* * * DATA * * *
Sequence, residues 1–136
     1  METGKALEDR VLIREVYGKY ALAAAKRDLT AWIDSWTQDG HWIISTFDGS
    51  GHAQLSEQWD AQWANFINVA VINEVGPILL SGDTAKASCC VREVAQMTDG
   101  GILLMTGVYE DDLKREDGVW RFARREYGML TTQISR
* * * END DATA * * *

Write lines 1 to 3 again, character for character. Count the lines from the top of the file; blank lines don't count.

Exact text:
Sequence, residues 1–136
     1  METGKALEDR VLIREVYGKY ALAAAKRDLT AWIDSWTQDG HWIISTFDGS
    51  GHAQLSEQWD AQWANFINVA VINEVGPILL SGDTAKASCC VREVAQMTDG